Fo-Ti (Polygonum multiflorum)
Common name: He-shou-wu
Parts used and where grown: Fo-ti is a plant native to China, where it continues to be widely grown. It is also grown extensively in Japan and Taiwan. The unprocessed root is sometimes used; however, once it has been boiled in a special liquid made from black beans, it is considered a superior and rather different medicine according to traditional Chinese medicine. The unprocessed root is sometimes called white fo-ti and the processed root red fo-ti.
In what conditions might fo-ti be supportive?
Â¥ constipation Â¥ fatigue
Â¥ high cholesterol Â¥ immune function
Historical or traditional use: The Chinese common name for fo-ti, he-shou-wu, was the name of a Tang dynasty man whose infertility was supposedly cured by fo-ti; in addition, his long life was attributed to the tonic properties of this herb.1 Since then, traditional Chinese medicine has used fo-ti to treat premature aging, weakness, vaginal discharges, numerous infectious diseases, angina pectoris, and impotence.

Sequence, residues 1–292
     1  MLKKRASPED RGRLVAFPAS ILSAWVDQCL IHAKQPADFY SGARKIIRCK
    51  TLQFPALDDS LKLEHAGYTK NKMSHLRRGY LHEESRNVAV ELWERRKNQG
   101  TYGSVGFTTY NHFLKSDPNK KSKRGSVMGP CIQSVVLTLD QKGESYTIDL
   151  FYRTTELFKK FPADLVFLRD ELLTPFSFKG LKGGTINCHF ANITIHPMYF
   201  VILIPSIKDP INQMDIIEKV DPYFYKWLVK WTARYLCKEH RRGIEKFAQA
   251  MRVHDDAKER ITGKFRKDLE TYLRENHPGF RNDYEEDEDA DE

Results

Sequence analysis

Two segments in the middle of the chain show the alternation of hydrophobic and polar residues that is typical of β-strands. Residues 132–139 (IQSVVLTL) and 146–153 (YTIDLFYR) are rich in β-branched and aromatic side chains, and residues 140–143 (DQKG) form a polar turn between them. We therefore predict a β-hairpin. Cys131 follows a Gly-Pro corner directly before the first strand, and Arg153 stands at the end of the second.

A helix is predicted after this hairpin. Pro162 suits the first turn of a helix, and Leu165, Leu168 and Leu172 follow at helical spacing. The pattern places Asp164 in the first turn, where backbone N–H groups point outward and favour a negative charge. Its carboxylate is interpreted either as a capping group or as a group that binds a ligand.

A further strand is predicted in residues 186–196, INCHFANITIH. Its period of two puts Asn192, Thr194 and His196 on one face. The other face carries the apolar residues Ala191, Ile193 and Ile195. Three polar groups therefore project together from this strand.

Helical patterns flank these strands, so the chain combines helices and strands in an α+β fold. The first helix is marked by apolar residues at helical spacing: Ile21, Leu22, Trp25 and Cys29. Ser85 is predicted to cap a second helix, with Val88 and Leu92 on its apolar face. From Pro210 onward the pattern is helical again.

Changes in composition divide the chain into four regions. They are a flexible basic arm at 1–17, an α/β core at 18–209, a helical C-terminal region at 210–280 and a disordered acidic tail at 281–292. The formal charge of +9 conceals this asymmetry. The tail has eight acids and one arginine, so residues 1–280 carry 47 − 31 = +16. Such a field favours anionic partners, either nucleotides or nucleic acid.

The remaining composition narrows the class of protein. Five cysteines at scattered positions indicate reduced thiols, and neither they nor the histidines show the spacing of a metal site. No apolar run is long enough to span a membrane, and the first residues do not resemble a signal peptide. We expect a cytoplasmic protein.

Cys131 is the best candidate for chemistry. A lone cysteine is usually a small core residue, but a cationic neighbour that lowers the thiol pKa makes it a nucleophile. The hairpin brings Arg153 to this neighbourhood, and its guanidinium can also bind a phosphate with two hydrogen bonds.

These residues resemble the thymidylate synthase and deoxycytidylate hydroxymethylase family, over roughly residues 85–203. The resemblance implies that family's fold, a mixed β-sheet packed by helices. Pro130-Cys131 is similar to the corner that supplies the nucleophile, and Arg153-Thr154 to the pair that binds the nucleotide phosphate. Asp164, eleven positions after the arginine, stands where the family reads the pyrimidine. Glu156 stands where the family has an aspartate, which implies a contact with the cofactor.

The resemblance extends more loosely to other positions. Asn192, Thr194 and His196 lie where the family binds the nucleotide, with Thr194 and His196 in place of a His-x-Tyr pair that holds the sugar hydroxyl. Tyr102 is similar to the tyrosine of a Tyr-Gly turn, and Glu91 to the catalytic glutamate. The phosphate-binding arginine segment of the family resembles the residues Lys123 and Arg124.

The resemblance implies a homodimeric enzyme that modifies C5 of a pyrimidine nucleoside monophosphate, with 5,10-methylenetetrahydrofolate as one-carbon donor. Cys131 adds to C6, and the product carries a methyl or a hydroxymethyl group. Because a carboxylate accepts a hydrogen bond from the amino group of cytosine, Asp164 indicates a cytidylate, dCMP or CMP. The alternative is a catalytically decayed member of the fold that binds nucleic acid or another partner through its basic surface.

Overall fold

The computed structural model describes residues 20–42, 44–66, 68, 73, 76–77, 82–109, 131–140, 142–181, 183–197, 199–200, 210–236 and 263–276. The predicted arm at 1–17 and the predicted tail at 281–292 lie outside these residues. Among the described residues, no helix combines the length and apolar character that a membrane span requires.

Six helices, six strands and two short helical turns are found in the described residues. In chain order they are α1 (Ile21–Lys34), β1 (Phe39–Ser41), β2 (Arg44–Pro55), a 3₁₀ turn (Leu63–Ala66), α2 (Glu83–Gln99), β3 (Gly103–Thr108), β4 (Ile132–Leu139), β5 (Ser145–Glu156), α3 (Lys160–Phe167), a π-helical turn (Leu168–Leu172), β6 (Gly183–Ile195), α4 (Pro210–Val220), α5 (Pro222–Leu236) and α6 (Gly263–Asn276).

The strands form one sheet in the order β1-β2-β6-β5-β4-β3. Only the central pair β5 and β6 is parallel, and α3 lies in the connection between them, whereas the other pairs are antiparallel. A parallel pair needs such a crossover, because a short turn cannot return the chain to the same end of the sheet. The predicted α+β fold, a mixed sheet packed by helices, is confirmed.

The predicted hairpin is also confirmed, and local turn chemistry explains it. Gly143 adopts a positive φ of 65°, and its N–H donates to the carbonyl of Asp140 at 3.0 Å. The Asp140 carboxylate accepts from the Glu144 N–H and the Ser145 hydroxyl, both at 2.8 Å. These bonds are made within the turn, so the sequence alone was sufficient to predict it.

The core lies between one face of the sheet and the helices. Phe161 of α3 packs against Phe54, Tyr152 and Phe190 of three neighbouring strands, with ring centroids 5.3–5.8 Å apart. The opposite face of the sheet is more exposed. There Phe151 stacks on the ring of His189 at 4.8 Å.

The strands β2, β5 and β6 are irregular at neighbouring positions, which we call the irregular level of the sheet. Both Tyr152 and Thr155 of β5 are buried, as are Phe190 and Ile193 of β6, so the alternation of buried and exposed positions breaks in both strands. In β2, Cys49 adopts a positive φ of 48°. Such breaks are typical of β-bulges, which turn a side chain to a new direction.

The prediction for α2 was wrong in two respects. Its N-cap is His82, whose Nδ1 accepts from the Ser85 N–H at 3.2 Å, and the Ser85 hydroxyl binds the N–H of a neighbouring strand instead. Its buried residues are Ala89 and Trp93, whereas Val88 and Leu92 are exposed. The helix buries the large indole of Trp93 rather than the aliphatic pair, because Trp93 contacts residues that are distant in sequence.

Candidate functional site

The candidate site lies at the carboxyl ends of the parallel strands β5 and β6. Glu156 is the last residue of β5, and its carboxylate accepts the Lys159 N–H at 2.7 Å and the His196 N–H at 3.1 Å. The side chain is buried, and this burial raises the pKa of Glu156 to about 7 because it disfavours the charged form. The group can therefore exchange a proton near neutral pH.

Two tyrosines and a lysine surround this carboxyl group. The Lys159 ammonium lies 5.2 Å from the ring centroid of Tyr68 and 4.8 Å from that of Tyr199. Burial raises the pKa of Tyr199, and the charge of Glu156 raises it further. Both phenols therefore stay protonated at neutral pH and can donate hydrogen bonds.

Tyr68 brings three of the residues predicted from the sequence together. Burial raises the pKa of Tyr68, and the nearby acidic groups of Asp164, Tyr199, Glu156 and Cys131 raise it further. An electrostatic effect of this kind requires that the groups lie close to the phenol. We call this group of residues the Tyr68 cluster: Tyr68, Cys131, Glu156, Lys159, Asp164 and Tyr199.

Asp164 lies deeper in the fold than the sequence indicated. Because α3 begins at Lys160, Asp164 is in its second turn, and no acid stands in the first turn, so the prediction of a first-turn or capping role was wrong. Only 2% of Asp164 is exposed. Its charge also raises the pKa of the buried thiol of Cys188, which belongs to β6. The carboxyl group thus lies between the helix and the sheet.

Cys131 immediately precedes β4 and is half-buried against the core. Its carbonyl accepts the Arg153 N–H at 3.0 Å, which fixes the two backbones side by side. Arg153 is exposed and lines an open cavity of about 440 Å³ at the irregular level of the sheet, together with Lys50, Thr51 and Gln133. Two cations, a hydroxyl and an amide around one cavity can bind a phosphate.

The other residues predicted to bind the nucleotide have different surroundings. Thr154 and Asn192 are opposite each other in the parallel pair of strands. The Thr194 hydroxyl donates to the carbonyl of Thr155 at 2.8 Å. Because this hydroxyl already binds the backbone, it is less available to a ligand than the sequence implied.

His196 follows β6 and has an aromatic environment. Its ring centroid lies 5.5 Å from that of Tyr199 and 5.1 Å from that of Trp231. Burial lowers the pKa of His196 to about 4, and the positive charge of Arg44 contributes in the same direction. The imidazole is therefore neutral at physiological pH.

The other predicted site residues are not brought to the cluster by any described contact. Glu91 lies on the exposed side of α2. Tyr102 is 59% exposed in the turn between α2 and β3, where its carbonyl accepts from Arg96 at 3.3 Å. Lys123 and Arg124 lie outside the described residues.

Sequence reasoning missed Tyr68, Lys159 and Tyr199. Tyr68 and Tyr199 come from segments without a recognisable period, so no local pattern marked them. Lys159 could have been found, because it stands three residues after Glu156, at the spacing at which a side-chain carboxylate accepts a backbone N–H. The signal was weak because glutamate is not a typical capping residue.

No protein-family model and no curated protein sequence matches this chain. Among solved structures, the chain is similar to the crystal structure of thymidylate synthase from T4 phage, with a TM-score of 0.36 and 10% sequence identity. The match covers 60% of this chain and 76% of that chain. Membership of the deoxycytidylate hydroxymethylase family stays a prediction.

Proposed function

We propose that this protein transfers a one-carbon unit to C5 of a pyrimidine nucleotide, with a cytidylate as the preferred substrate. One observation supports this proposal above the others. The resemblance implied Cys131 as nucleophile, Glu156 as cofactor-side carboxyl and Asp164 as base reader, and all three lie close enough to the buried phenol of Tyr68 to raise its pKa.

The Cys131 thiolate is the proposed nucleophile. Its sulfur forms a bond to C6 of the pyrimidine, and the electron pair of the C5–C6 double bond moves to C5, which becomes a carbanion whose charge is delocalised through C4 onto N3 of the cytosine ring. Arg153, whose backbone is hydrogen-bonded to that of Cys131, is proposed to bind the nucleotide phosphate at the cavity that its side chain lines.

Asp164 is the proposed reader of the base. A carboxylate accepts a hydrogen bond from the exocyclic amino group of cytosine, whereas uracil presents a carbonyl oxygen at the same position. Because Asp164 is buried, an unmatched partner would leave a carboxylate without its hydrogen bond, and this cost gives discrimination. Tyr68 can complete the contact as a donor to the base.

Active constituents: The active constituents of fo-ti have yet to be determined. The whole root has been shown to lower cholesterol levels, according to animal and human research, as well as to decrease hardening of the arteries, or atherosclerosis.2 3 Other fo-ti research has investigated this herbÃ•s role in strong immune function, red blood cell formation, and antibacterial action.4 The unprocessed roots possess a mild laxative effect.
How much should I take? A tea can be made from processed roots by boiling 3-5 grams in 250 ml (1 cup) of water for ten to fifteen minutes. Three or more cups are drunk each day. Fo-ti tablets, each in the amount of 500 mg, are also available. Many people take five tablets three times per day.
Are there any side effects or interactions? The unprocessed roots may cause mild diarrhea. Some people who are sensitive to fo-ti may develop a skin rash. Very high doses may cause numbness in the arms or legs.
1. Foster S, Chongxi Y. Herbal Emissaries: Bringing Chinese Herbs to the West. Rochester, VT: Healing Arts Press, 1992, 79-85.
2. Foster S, Chongxi Y. Herbal Emissaries: Bringing Chinese Herbs to the West. Rochester, VT: Healing Arts Press, 1992, 79-85.
3. Foster S. Herbal Renaissance. Layton, Utah: Gibbs Smith, 1993, 40-41.
4. Foster S, Chongxi Y. Herbal Emissaries: Bringing Chinese Herbs to the West. Rochester, VT: Healing Arts Press, 1992, 79-85.
*These statements have not been evaluated by the Food and Drug Administration. These products are not intended to diagnose, treat, cure or prevent any disease.